From Rimbaud to Heidegger

By Marc Froment-Meurice

Subjects: Poetry
Series: SUNY series, Intersections: Philosophy and Critical Theory
Paperback : 9780791425244, 239 pages, July 1995
Hardcover : 9780791425237, 239 pages, July 1995

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Table of contents


1. There Is No Present

2. "We Must Be Absolutely Modern"

3. Farewell to Seasons

4. Should Trakl Be Burned?

5. Solitude of the Word

6. The Scaped Landscape

7. The Horror of Emptiness

8. Totalitarian Space

9. A Past That Will Not Pass Away


The author reads Rimbaud, Mallarme. Holderlin, and Trakl in relation to philosophy, and in particular to Heidegger.


~ Is the age of poets past, or are we just on the verge of its coming in a farewell to poetry? When Rimbaud claims: "One must be absolutely modern!" what does he ask for? Is modernity really already finished, before it has even fully arrived?

~ Is this the paradox of our present time? What if, as Mallarme said, a present does not exist?

~ Is there any place for what Heidegger called "building, dwelling, thinking?" Why did Heidegger himself in the end need an ultimate God, after the failure of his political expectations?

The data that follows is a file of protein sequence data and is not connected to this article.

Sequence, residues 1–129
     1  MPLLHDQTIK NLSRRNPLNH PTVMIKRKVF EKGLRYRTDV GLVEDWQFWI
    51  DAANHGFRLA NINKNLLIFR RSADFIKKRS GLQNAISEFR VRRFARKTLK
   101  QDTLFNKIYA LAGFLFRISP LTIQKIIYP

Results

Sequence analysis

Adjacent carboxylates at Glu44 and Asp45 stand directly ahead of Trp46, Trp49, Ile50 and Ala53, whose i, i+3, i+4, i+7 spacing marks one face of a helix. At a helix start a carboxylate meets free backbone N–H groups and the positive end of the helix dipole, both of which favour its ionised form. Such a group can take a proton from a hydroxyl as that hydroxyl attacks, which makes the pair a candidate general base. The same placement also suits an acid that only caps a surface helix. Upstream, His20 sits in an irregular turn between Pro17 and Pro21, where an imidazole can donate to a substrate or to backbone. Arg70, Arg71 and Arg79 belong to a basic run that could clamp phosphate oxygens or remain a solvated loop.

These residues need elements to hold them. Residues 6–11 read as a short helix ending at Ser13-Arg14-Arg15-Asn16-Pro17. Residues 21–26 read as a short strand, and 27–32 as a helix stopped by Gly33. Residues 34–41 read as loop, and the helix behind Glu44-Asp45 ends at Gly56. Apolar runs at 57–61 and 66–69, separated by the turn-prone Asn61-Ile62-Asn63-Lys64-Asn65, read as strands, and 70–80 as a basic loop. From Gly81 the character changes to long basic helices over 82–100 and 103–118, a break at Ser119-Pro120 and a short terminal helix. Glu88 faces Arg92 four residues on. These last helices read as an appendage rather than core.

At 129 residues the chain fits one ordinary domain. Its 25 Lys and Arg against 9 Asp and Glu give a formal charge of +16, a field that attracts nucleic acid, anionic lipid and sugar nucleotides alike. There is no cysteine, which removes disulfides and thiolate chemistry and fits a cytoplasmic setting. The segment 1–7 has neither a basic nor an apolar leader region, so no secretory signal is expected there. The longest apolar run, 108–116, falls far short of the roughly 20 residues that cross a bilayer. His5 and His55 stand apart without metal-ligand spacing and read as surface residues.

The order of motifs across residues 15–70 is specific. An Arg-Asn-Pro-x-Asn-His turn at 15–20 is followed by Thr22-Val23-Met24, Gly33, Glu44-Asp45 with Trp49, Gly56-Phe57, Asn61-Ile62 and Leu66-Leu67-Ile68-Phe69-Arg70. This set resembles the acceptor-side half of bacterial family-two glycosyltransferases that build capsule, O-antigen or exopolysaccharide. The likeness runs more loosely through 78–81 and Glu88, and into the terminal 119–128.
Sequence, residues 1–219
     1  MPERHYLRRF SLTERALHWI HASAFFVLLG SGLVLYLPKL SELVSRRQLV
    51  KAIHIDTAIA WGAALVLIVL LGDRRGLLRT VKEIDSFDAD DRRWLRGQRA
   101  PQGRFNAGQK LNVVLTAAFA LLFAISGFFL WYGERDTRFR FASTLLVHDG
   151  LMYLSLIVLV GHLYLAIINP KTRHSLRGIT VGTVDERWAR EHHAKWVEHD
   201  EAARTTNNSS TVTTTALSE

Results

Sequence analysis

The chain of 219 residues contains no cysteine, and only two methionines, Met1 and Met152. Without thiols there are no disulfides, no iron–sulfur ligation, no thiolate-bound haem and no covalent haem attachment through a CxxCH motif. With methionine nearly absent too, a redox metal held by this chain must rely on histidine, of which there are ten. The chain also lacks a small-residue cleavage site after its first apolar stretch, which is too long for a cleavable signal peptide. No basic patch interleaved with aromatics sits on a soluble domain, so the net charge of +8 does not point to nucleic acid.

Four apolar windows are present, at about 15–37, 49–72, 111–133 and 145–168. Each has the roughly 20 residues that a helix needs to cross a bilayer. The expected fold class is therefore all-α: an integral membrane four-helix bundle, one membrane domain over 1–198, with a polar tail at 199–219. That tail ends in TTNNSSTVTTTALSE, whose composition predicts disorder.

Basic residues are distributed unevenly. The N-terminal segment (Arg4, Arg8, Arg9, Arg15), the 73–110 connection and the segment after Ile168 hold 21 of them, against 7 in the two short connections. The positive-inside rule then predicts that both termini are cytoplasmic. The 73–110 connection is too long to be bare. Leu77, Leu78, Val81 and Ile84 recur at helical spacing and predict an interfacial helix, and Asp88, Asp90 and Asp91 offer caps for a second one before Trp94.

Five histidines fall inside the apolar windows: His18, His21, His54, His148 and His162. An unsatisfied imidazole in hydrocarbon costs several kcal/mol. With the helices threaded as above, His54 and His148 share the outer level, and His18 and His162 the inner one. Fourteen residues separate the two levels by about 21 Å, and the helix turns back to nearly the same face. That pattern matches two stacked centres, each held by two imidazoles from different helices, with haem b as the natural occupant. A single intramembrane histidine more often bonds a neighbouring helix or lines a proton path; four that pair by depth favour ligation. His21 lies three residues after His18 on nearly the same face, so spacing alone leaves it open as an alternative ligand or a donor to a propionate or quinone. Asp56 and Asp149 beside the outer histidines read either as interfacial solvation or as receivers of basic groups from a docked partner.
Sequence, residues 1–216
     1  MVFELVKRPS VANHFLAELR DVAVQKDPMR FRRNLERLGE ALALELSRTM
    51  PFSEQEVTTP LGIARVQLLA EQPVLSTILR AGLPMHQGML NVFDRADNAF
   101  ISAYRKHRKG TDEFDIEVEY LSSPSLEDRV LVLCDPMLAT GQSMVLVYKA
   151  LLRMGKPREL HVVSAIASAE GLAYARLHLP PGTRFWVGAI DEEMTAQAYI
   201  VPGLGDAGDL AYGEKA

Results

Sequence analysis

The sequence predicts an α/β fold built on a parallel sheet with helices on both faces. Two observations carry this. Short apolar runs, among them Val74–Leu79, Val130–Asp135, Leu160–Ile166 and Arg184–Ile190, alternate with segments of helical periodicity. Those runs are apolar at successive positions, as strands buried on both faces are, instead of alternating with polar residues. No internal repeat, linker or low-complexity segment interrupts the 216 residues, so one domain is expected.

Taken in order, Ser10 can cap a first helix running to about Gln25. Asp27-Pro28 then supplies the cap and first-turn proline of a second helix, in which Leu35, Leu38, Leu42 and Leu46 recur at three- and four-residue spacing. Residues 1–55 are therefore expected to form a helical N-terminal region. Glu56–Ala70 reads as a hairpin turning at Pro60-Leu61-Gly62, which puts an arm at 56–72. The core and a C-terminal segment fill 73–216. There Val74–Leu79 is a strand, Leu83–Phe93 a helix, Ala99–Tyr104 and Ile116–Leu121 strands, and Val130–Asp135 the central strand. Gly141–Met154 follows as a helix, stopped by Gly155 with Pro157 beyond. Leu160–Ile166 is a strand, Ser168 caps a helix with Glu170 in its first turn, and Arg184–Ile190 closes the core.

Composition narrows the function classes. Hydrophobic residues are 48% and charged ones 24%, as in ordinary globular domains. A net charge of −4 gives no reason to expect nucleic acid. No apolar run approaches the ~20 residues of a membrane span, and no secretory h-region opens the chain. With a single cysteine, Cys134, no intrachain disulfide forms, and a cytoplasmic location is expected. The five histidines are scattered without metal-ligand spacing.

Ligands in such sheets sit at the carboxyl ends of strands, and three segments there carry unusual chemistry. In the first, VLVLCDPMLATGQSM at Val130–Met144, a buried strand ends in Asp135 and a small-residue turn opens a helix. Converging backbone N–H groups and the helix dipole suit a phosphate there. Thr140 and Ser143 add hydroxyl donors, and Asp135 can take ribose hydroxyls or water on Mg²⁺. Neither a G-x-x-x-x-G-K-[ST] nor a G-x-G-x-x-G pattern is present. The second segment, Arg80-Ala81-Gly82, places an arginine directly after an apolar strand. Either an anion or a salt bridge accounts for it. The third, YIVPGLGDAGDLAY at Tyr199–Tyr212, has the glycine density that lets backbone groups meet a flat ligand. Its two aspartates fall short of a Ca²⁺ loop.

~ To keep questioning is already a way of responding. Perhaps the traditional philosophical gesture is not sufficient. If language, culture, and the history of the West have come to the point of no return as shown by Auschwitz, everything has to be rethought-- without a "turn" or a return.

Marc Froment-Meurice has been a visiting professor at the University of California, Irvine, and at the University of Washington, Seattle. He is the author of Les Intermittences de la raison; La chose meme; and Tombeau de Trakl, among other works.


"Not only has Froment-Meurice tackled the most demanding of poetic questions--what is modernity?--but he has not shied away from the truth that this is also and perhaps above all a political question, understanding this term in the broad sense. His work will be of importance to more than one constituency; scholars in both the humanities and the social sciences will benefit from his insights. The work is impressive for its erudition, and the author brilliantly illuminates the history of the myriad philosophical questions he raises. His familiarity with the history of Western philosophy is matched by an intimate knowledge of the writings of the poets. " -- Peter Connor, Barnard College